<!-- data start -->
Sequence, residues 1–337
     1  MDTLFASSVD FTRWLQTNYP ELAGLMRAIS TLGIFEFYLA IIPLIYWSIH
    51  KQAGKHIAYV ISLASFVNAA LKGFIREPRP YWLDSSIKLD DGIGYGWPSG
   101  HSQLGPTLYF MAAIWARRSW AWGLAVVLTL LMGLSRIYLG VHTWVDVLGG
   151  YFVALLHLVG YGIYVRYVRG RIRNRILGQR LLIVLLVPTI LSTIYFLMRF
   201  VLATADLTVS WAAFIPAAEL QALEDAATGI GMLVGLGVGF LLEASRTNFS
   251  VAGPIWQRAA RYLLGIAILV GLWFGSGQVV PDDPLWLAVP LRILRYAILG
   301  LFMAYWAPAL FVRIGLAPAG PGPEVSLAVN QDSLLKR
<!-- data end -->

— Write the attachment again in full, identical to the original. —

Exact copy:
Sequence, residues 1–337
     1  MDTLFASSVD FTRWLQTNYP ELAGLMRAIS TLGIFEFYLA IIPLIYWSIH
    51  KQAGKHIAYV ISLASFVNAA LKGFIREPRP YWLDSSIKLD DGIGYGWPSG
   101  HSQLGPTLYF MAAIWARRSW AWGLAVVLTL LMGLSRIYLG VHTWVDVLGG
   151  YFVALLHLVG YGIYVRYVRG RIRNRILGQR LLIVLLVPTI LSTIYFLMRF
   201  VLATADLTVS WAAFIPAAEL QALEDAATGI GMLVGLGVGF LLEASRTNFS
   251  VAGPIWQRAA RYLLGIAILV GLWFGSGQVV PDDPLWLAVP LRILRYAILG
   301  LFMAYWAPAL FVRIGLAPAG PGPEVSLAVN QDSLLKR